Always A Pleasure

"Even now in the final hours of my life I am falling in love" Although he may not be as youthful as in the daffodil-toting days of The Smiths; Morrissey still has the ability to raise this Glasgow crowd - a mixture of disaffected youth and world-weary older folk - into the throes of ecstasy. Often teetering on the edges of passionate despair, it is quite clear that is Morrissey were to jump off a bridge, the hundreds here tonight would follow; yes we are falling in love with the born-performer all over again.

Although the set list is pretty irrelevant as the charismatic balladeer could please a crowd with anything, there is a good helping of crowd pleasers and more obscure tracks, including a new b-side, 'Gang Lord' and older Morrissey solo tracks, such as 'Trouble Loves Me', which goes down a storm. Smiths' numbers also make an appearance, with 'Still Ill' and 'Girlfriend In A Coma' pleasing the fans, these tracks seem fascinatingly far from obvious choices and are also a clear change from the last tour's stable favourites. A cover is even thrown in "for the older ones", Magazine's 'A Song From Under The Floorboards' goes down well and sounds comfortable nestling between Morrissey's hand-penned wonders.

'Last Of The Gang' kicks off the show in style with the crowd in fine voice and Morrissey gladdened to be on the stage in front of an eager Glasgow crowd again, "My heart belongs to Glasgae" he coos. New single 'The Youngest Was The Most Loved' has an early look in, getting a great injection of energy from the live performance, although it may not be such an instant pleaser in recorded form. Similarly 'Let Me Kiss You' is an often-overlooked track from Morrissey's last album 'You Are The Quarry', but it proves to be a rousing sing-a-long.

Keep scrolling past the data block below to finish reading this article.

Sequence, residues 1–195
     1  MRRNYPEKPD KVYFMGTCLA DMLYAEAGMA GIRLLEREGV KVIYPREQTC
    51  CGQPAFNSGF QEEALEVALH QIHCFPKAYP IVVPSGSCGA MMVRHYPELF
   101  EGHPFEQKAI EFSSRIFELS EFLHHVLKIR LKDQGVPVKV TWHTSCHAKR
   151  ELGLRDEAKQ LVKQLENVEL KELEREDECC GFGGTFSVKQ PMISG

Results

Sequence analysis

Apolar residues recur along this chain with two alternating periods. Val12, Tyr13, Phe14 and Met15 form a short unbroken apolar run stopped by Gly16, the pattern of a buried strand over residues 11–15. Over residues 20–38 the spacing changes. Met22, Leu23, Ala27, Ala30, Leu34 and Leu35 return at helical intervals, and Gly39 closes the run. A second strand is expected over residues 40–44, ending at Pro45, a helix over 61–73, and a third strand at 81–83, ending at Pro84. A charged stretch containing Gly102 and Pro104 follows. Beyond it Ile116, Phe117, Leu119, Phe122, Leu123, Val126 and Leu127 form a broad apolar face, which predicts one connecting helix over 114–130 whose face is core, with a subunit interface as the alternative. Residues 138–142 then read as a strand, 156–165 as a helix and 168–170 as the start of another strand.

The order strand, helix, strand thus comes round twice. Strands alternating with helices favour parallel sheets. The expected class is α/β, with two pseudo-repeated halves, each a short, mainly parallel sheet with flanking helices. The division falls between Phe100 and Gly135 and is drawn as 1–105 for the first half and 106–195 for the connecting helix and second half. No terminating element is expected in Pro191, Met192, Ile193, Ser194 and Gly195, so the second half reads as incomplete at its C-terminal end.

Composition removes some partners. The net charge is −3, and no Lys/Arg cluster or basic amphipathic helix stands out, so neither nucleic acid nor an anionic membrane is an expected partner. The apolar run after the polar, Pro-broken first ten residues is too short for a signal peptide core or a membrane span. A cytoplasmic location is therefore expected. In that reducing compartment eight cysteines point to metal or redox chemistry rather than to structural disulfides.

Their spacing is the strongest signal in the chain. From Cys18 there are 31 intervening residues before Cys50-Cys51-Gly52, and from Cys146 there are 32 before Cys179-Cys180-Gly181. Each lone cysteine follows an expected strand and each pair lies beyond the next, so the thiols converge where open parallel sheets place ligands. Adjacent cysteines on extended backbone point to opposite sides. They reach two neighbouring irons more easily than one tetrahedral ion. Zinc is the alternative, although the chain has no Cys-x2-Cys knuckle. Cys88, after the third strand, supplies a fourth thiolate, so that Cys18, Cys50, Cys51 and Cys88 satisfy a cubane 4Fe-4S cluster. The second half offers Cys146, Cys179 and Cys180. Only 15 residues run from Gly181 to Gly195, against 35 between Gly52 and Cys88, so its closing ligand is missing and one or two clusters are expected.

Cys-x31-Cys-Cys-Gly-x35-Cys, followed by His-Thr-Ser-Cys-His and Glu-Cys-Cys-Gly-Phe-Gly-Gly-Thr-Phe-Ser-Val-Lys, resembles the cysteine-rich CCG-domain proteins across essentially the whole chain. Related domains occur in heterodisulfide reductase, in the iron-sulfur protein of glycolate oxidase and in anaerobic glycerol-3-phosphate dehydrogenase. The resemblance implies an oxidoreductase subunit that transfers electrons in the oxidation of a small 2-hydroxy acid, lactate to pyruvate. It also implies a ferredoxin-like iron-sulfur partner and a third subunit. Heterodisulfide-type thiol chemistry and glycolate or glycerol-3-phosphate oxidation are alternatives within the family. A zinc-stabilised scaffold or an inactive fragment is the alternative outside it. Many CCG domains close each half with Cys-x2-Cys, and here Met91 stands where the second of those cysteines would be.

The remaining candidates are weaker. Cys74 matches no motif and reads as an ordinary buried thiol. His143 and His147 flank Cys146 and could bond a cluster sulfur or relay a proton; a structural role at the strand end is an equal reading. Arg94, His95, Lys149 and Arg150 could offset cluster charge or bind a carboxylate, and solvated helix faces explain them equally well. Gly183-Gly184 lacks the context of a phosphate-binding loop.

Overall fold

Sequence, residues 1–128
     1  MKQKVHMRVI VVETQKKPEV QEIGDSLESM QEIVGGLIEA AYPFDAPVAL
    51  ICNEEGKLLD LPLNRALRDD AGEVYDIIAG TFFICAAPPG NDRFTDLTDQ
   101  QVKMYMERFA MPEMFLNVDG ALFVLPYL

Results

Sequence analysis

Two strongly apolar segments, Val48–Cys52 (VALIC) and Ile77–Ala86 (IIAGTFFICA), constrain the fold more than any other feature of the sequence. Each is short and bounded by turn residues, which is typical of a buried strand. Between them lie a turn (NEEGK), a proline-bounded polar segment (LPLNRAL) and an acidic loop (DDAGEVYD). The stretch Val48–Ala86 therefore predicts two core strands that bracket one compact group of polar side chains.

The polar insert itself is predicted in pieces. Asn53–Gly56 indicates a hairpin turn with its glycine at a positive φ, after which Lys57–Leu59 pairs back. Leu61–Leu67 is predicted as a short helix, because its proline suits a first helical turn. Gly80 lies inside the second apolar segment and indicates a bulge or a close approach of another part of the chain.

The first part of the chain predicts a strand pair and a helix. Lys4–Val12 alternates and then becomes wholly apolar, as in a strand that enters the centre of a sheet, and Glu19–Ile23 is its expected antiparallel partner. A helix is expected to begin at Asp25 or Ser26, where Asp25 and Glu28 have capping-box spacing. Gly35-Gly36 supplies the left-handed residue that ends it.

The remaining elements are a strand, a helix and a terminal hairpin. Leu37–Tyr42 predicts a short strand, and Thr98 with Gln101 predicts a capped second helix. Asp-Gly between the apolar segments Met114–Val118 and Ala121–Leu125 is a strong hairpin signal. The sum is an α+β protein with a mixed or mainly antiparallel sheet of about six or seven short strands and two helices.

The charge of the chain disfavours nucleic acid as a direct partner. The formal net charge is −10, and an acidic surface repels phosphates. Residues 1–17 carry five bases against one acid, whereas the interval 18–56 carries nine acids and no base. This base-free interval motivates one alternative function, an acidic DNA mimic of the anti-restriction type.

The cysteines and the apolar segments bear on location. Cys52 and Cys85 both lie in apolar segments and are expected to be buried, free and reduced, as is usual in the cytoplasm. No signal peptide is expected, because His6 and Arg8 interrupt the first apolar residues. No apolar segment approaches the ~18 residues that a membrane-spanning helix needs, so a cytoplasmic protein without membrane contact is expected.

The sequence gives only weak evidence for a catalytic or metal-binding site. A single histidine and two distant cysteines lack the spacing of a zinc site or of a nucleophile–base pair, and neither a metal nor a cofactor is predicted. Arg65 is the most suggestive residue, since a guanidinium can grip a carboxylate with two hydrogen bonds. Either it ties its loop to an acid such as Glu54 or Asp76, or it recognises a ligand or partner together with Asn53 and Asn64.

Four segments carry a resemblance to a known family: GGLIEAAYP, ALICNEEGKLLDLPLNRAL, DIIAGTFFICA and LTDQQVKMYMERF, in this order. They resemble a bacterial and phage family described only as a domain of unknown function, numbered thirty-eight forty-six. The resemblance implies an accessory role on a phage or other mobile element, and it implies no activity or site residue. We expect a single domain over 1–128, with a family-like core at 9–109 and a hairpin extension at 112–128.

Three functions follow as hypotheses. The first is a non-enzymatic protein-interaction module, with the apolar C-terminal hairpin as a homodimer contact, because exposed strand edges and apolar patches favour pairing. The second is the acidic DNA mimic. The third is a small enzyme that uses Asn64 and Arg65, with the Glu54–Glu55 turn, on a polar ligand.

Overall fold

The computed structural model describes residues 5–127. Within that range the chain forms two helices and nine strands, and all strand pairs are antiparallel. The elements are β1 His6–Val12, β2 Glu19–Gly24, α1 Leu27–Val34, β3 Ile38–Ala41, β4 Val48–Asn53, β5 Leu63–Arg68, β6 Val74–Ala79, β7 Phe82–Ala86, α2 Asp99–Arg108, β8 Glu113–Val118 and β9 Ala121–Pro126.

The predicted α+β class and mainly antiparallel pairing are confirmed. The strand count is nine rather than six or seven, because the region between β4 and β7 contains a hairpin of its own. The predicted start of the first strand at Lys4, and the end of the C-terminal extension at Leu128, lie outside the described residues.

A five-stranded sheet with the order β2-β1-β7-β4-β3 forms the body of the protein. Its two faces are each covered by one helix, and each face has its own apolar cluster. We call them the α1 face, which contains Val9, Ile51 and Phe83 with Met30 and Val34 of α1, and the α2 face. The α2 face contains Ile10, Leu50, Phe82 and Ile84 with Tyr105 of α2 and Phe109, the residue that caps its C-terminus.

Morrissey's band of mini Moz's rock their hearts out constantly tonight, the sound tight to perfection and with each getting their turn in the limelight, despite playing with one of the biggest personalities and icons in the music world. Guitarist Boz Boorer merrily sports a double-necked guitar in the colours of the Italian flag for one track, while he settles for playing a stand full of glasses of water for the fragile intro to the sublime and marvellously melodramatic 'Life Is A Pigsty'; it's so emotional that one boy even faints in awe.

Melancholy is cast aside with a double dose of cheer from new tracks 'I Am Born', complete with earth shaking over-sized cymbals and the lilting 'To Me You Are A Work Of Art'. 'I Will See You In Far Off Places' is another new success with the communal cry of "And if the USA doesn't bomb you" as strong as the constant "Mor-ri-sey" football cries, even as the thundering bass threatens to topple the entire crowd. We are treated to plenty of snippets of onstage banter, with Morrissey playing the crowd perfectly by asking them if the venue is in the infamous Gorbals and coming on stage to 'You'll Never Walk Alone"'.

'How Soon Is Now' closes the set proper with Morrissey whipping his mic lead like a silver-haired tiger on a leash to the epic strains, however he soon returns for a more recent classic, 'English Heart, Irish Blood'. Then the great golden gong sounds and the Mozfather has left the building, with one and all united in the wish that he returns very soon.